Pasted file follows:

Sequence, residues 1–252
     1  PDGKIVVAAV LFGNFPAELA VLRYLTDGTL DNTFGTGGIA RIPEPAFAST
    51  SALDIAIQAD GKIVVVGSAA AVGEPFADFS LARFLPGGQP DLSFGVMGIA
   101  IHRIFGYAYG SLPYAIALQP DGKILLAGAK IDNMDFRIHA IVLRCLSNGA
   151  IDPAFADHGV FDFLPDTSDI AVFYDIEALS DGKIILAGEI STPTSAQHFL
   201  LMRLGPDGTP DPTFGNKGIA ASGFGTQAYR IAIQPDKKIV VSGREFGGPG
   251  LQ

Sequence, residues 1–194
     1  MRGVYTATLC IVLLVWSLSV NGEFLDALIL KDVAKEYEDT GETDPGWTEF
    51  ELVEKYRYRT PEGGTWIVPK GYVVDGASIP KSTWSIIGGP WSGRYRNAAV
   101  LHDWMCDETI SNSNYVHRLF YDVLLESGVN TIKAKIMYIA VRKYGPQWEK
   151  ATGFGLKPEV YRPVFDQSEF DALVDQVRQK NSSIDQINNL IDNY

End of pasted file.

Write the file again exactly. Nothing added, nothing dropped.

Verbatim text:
Sequence, residues 1–252
     1  PDGKIVVAAV LFGNFPAELA VLRYLTDGTL DNTFGTGGIA RIPEPAFAST
    51  SALDIAIQAD GKIVVVGSAA AVGEPFADFS LARFLPGGQP DLSFGVMGIA
   101  IHRIFGYAYG SLPYAIALQP DGKILLAGAK IDNMDFRIHA IVLRCLSNGA
   151  IDPAFADHGV FDFLPDTSDI AVFYDIEALS DGKIILAGEI STPTSAQHFL
   201  LMRLGPDGTP DPTFGNKGIA ASGFGTQAYR IAIQPDKKIV VSGREFGGPG
   251  LQ

Sequence, residues 1–194
     1  MRGVYTATLC IVLLVWSLSV NGEFLDALIL KDVAKEYEDT GETDPGWTEF
    51  ELVEKYRYRT PEGGTWIVPK GYVVDGASIP KSTWSIIGGP WSGRYRNAAV
   101  LHDWMCDETI SNSNYVHRLF YDVLLESGVN TIKAKIMYIA VRKYGPQWEK
   151  ATGFGLKPEV YRPVFDQSEF DALVDQVRQK NSSIDQINNL IDNY